From Art & Fear by David Bayles and Ted Orland:
"Writer Henry James once proposed three questions you could productively put to an artist's work: What was the artist trying to achieve? Did he/she succeed? The third's a zinger: Was it worth doing?
"The first two questions alone are worth the price of admission. They address art at a level that can be tested directly against real-world values and experience; they commit you to accepting the perspective of the maker into your own understanding of the work. In short, they ask you to respond to the work itself, without first pushing it through some aesthetic filter....
"But it's that third question -- Was it worth doing? -- that truly opens the universe. "
The art in this post is by Jacqueline Morreau and Jeanie Tomanek, two women I find enormously inspiring, whose creative work has these things in common:
2. It is created by artists doing their most powerful work in their maturity (they were born in 1929 and 1949 respectively), despite a youth-obsesssed media/arts culture still uncomfortable with older women.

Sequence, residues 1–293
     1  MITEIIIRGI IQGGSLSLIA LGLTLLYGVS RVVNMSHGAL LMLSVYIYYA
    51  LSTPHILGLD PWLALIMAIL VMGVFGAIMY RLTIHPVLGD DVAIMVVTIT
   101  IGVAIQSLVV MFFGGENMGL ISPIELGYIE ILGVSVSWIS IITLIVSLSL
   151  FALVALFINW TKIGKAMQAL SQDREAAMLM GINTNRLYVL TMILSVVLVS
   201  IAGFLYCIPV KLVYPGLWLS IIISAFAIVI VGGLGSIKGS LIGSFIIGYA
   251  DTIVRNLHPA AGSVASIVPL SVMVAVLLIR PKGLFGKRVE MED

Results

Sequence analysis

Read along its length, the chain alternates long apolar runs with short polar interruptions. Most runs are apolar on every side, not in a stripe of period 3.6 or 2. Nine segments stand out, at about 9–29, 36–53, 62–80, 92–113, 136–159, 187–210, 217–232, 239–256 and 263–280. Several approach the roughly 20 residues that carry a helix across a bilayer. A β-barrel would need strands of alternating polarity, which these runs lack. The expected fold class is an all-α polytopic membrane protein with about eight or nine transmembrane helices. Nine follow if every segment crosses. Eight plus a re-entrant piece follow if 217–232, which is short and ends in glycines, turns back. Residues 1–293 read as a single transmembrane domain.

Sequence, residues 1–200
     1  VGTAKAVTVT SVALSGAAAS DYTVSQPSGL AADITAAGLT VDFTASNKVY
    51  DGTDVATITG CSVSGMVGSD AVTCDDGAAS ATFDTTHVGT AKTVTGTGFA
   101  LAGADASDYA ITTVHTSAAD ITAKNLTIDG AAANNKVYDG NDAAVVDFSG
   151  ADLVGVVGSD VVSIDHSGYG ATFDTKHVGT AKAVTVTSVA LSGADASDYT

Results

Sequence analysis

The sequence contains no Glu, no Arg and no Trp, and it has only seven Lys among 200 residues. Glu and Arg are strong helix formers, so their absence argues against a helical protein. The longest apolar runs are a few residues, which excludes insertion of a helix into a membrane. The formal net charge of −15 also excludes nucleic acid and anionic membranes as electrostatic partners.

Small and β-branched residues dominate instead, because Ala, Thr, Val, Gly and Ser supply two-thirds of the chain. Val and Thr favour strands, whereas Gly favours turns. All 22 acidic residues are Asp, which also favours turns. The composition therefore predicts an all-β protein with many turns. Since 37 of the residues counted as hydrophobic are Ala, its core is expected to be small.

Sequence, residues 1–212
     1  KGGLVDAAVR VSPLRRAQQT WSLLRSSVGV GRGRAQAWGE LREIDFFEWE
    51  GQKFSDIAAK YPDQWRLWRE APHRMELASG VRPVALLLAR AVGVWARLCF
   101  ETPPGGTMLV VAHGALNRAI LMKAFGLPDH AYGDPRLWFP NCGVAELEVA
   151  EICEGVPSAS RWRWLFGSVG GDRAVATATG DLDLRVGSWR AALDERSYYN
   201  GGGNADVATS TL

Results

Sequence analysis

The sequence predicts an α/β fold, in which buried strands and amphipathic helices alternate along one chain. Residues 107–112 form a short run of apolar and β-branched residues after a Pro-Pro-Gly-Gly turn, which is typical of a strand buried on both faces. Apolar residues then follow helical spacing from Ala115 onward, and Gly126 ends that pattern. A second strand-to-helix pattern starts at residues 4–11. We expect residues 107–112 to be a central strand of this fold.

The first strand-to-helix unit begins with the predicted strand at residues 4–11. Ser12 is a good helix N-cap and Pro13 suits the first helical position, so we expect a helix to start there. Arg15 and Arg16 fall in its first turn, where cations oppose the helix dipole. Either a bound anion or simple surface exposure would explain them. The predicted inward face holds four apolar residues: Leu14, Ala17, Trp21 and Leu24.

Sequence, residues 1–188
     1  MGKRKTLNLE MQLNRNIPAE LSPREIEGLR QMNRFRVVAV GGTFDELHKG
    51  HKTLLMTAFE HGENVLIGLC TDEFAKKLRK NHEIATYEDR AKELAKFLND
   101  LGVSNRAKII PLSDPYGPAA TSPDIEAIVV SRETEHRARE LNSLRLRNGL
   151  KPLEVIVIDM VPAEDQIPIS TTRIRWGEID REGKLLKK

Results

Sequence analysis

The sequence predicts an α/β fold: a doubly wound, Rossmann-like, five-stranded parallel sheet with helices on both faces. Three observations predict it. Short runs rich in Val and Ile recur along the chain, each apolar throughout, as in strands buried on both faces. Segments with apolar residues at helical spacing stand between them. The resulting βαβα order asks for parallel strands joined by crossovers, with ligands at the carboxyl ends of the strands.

1.) It answers Henry James' all-important third question with a rousing "Yes!"
Above and to the left,"Two Women" and "The Divided Self" by painter/printmaker Jacqueline Morreau, an American born artist now living in London. You'll find her website here, and an article about her in the JoMA archives here.
Above (to the right) and below: "Demeter's Search," "After with Beagle," and "Planting Moon" by painter/poet Jeanie Tomanek, who lives and works in Georgia. You'll find her website here, and an article about her in the JoMA archives here.
I'm reminded of this quote by the great Japanese artist Hokusai (1760-1849), which I understand better and better every year:
"Since my sixth year I have felt the impulse to represent the form of things; by the age of fifty I had published numberless drawings; but I am displeased with all I have produced before the age of seventy. It is at seventy-three that I have begun to understand the form and the true nature of birds, of fishes, of plants and so forth. Consequently, by the time I get to eighty, I shall have made much progress; at ninety, I shall get to the essense of things; at a hundred, I shall certainly come to a superior, undefinable position; and at the age of a hundred and ten, every point, every line, shall be alive. And I leave it to those who shall live as I have myself, to see if I have not kept my word."
All rights to the art above reserved by the artists.